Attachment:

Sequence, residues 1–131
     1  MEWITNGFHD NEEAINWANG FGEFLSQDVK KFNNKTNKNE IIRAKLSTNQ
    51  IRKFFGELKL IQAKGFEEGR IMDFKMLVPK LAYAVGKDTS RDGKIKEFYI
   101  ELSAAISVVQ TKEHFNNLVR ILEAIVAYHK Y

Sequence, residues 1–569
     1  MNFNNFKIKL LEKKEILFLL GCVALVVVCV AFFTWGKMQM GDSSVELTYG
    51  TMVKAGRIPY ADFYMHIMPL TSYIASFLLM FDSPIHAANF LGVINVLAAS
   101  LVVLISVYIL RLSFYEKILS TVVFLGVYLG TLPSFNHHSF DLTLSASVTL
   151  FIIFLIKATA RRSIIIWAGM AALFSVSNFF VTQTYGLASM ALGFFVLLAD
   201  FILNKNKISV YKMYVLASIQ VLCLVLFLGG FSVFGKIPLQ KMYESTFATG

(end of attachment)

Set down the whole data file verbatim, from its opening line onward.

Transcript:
Sequence, residues 1–131
     1  MEWITNGFHD NEEAINWANG FGEFLSQDVK KFNNKTNKNE IIRAKLSTNQ
    51  IRKFFGELKL IQAKGFEEGR IMDFKMLVPK LAYAVGKDTS RDGKIKEFYI
   101  ELSAAISVVQ TKEHFNNLVR ILEAIVAYHK Y

Sequence, residues 1–569
     1  MNFNNFKIKL LEKKEILFLL GCVALVVVCV AFFTWGKMQM GDSSVELTYG
    51  TMVKAGRIPY ADFYMHIMPL TSYIASFLLM FDSPIHAANF LGVINVLAAS
   101  LVVLISVYIL RLSFYEKILS TVVFLGVYLG TLPSFNHHSF DLTLSASVTL
   151  FIIFLIKATA RRSIIIWAGM AALFSVSNFF VTQTYGLASM ALGFFVLLAD
   201  FILNKNKISV YKMYVLASIQ VLCLVLFLGG FSVFGKIPLQ KMYESTFATG